• In a local-first app, the network is no longer on the critical path for user interactions —  meaning that the app is resilient to any interruptions in network service quality, or even complete downtime of the network connection or backend. Users can use the app while offline for brief periods of time (e.g. passing through a tunnel) or for extended periods of time (in the subway, in the mountains, in the basement of a building, etc). [5] With conflict resolution and consistency guarantees, the intricacies of combining offline usage with multi-user collaboration can also be managed.

Real-time collaboration and reactivity

  • With a typical cloud-first app architecture, the developer has to invest significant effort into building real-time streaming functionality in order to enable collaboration between different users. This may require building or otherwise bringing in a whole new system.
  • On the other hand, sync engines such as PowerSync used for local-first apps come built-in with key components that naturally enable real-time multi-user collaboration, since they are fundamentally designed to monitor for data updates and keep users in sync. [6]

Designing for local-first

A local-first architecture will result in much of your app functionality living on the client-side rather than on the backend. [7] Much of your business logic, querying, filtering and computation will happen client-side. 

That being said, for security reasons you still want to enforce certain business logic, authorization and validation on the backend. In this sense, PowerSync’s architecture is beneficial because it sends writes through your backend, putting you as the developer in control of the write process. This protects your backend database as the source of truth / system of record. And because PowerSync uses server reconciliation for consistency, your backend has the ability to reject writes based on your business logic / authorization / validation, and this will be kept consistent across clients.

What about Firebase offline support?

A common misconception is that Google Firebase’s Cloud Firestore provides a local-first or offline-first architecture. It’s more accurate to describe Cloud Firestore as a cloud-first system: By default, queries run against the cloud (online) datastore and the results of those specific queries are cached on the local device (and may be removed from the cache later). Cloud Firestore does not preemptively sync a database to the local user device for offline-by-default access. 

In addition, by default Cloud Firestore will try to reach the server first before falling back to the local cache, which can result in frustration and significant latency for the user if their network connection is patchy.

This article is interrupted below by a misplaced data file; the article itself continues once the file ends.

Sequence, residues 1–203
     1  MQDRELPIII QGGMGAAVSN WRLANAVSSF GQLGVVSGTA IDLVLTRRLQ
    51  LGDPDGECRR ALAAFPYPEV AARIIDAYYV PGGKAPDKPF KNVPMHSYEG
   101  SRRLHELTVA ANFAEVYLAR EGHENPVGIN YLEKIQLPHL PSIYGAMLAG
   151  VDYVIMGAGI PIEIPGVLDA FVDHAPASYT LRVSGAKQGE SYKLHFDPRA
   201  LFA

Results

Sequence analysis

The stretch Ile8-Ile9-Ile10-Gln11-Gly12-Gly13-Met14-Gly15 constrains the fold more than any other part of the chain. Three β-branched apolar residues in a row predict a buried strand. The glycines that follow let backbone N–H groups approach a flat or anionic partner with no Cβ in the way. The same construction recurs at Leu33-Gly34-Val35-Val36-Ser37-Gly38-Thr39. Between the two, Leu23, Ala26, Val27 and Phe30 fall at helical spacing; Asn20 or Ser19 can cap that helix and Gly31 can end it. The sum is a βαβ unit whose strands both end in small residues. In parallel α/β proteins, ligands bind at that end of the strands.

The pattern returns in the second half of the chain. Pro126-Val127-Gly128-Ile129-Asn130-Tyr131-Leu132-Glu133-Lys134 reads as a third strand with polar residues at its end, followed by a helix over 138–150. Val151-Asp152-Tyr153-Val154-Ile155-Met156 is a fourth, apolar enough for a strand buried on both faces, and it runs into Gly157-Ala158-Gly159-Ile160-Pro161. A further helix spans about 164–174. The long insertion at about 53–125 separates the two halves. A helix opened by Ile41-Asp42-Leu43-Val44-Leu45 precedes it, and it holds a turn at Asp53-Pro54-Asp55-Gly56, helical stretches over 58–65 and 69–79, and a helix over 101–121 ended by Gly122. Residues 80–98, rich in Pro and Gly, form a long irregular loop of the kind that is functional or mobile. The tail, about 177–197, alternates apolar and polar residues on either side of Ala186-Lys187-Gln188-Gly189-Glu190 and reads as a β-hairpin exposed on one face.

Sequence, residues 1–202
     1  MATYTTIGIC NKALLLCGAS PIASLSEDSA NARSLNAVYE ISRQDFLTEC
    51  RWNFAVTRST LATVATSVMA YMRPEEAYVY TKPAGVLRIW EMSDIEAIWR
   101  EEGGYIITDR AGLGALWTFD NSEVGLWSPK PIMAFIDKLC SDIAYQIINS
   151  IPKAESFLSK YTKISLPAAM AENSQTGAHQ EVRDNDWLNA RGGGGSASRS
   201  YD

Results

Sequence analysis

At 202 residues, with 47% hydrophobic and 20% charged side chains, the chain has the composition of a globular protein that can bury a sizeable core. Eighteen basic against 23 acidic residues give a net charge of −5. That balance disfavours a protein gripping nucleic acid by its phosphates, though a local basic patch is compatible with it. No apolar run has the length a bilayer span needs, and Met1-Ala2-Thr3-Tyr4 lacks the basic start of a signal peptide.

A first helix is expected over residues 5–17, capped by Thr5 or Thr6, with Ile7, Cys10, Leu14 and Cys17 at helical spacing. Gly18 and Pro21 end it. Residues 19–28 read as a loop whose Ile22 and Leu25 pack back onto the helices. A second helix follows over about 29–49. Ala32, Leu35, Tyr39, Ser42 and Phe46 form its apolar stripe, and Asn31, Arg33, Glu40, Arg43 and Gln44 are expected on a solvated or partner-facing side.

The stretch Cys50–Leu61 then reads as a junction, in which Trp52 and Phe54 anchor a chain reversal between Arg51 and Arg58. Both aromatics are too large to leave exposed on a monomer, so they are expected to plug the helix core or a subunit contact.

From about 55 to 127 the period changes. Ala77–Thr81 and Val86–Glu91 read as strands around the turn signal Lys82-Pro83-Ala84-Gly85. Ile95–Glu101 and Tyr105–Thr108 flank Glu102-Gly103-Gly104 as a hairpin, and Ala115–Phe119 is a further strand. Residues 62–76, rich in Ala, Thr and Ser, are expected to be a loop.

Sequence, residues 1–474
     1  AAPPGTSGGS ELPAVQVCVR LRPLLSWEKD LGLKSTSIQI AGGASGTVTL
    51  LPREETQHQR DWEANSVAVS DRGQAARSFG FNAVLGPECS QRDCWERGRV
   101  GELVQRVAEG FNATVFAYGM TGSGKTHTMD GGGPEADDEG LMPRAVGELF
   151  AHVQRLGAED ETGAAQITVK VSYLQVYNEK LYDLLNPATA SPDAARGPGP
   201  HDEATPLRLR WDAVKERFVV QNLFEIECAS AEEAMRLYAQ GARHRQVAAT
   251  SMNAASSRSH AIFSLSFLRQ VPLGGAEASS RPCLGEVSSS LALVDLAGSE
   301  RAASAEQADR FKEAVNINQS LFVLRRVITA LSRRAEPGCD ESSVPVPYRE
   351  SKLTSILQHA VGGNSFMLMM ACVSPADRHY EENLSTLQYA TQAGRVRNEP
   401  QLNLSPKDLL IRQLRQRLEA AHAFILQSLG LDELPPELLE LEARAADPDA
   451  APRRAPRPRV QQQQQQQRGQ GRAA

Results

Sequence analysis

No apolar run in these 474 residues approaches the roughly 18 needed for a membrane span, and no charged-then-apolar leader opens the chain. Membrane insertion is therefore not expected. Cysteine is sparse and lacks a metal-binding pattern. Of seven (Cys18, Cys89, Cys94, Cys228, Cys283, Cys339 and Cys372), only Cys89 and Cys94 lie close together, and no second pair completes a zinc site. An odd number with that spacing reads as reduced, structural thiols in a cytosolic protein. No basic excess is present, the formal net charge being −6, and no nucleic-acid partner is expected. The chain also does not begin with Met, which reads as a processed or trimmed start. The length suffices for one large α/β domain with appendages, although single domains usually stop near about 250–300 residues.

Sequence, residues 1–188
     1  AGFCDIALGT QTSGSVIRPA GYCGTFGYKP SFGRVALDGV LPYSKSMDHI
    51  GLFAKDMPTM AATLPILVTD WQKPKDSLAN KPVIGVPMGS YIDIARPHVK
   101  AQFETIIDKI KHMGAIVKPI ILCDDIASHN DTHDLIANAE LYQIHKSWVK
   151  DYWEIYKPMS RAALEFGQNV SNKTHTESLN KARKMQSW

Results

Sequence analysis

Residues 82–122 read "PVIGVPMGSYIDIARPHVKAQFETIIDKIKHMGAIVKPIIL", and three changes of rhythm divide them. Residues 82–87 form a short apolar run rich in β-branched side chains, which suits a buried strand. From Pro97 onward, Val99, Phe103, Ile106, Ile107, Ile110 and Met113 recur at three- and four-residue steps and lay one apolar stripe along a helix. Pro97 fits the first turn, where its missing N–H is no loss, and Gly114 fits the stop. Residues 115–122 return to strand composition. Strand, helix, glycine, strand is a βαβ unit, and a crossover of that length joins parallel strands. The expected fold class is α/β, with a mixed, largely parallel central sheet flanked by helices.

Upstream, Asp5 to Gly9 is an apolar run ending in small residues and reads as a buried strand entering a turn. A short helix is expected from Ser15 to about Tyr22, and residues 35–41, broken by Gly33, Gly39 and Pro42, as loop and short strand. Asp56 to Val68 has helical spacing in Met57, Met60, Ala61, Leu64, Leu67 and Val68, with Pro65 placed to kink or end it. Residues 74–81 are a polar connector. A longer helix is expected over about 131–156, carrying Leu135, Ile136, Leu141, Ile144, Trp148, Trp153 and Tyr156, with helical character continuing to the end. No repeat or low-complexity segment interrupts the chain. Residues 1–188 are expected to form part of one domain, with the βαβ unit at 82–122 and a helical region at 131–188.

Ushering in the local-first future 

Hopefully it’s clear from the above that local-first architecture will increasingly be a game-changer for both developers and end-users. And by making this architecture easier to implement for web apps, the total potential impact on the software world is expanded enormously.

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[1] We see “local-first” as the logical successor to “offline-first” app architecture. Local-first builds on the idea of offline-first with additional ideals. The industrial research lab Ink & Switch defined local-first in 2019 as a software application architecture where the cloud/server is merely a peer and not on the critical path to supporting client applications. Their vision is that local-first applications should have “ultimate ownership and control” over their own data. Not all software that is described as local-first today adhere to all of the ideals espoused by Ink & Switch, but many developers aspire to get closer and closer to those ideals over time, instead of merely providing equivalent capabilities to what would be considered “offline-first”.

[2] Often when this topic comes up, there are folks who comment “what was old is new again” or “we’ve come full circle”. Indeed, there was a time when most software applications were thick clients running locally, utilizing a local datastore and allowing you to work offline. The rise of the web has meant that we’ve sacrificed that instant reactivity and offline use for the benefits of the cloud (collaboration, accessible from anywhere in the world, always up-to-date). The good news is that we now can have the best of both worlds: The benefits of the web/cloud while working local-first, even in web apps.

[3] In the case of PowerSync, the backend compute is further reduced by the PowerSync service, which handles read operations related to syncing. The PowerSync service pre-processes and indexes data to be synced for different users — enabling high-performance dynamic partial replication.

[4] Typically, the only instance where a local-first app may be slower than its online counterpart is on first start-up, since the app may need to perform an initial sync to download data into the local database. As the bandwidth of internet connections improves over time, this will become less and less of a factor. Once the initial sync is done, data updates can be synced incrementally in the background and subsequent startup time is typically instantaneous. This is a net benefit to users since they will typically save far more time while using the app than they spent waiting for the initial sync to complete.

[5] This is valuable given how users’ goalposts have shifted in recent years: Now that a significant share of the population have smartphones filled with useful apps, they expect to do a wide and rich range of things on their smartphones, no matter where they are, 24/7. They don’t want to be left hanging due to a lapse in network connectivity. As Ink & Switch put it, “while other applications […] threw up errors (‘offline! warning!’) and blocked the user from working, local-first [applications] function normally regardless of network status. [...] There is never any anxiety about whether the application will work or the data will be there when the user needs it.”

[6] In the case of PowerSync, the sync engine hooks into a change log on the backend database, and streams data to keep the local client-side database in sync in real-time. In addition, data flows from the client to server in real-time whenever connectivity is available: Writes to the local client-side database are also placed in an upload queue which are immediately written to the backend database (unless connectivity is unavailable or interrupted, in which case it is retried later). Lastly, the client-side allows for “live queries'' which can immediately update the UI whenever data in the local database changes (whether from syncing remote changes, or from any local changes anywhere in your code). 

[7] It is easier to implement a local-first architecture using a sync engine during the upfront development phase, than retrofitting it into a “brownfield” application. Putting logic on the client-side and working with the syncing data flow might not easily fit into your original architecture. It can certainly still be done, but requires a bit more work.